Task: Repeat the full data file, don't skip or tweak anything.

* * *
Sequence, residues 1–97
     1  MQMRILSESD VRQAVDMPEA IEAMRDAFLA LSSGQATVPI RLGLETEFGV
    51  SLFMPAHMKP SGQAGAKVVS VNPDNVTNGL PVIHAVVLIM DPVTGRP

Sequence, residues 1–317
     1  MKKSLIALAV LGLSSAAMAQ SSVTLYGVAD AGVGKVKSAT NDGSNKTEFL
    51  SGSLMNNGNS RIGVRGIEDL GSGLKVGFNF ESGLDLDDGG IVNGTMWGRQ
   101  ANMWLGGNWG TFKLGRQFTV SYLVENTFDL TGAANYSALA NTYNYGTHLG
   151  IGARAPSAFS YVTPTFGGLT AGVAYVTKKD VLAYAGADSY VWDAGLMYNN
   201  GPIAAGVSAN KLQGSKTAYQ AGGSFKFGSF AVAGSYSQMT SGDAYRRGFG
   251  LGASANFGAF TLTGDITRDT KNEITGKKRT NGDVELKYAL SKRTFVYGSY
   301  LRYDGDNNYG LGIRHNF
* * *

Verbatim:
Sequence, residues 1–97
     1  MQMRILSESD VRQAVDMPEA IEAMRDAFLA LSSGQATVPI RLGLETEFGV
    51  SLFMPAHMKP SGQAGAKVVS VNPDNVTNGL PVIHAVVLIM DPVTGRP

Sequence, residues 1–317
     1  MKKSLIALAV LGLSSAAMAQ SSVTLYGVAD AGVGKVKSAT NDGSNKTEFL
    51  SGSLMNNGNS RIGVRGIEDL GSGLKVGFNF ESGLDLDDGG IVNGTMWGRQ
   101  ANMWLGGNWG TFKLGRQFTV SYLVENTFDL TGAANYSALA NTYNYGTHLG
   151  IGARAPSAFS YVTPTFGGLT AGVAYVTKKD VLAYAGADSY VWDAGLMYNN
   201  GPIAAGVSAN KLQGSKTAYQ AGGSFKFGSF AVAGSYSQMT SGDAYRRGFG
   251  LGASANFGAF TLTGDITRDT KNEITGKKRT NGDVELKYAL SKRTFVYGSY
   301  LRYDGDNNYG LGIRHNF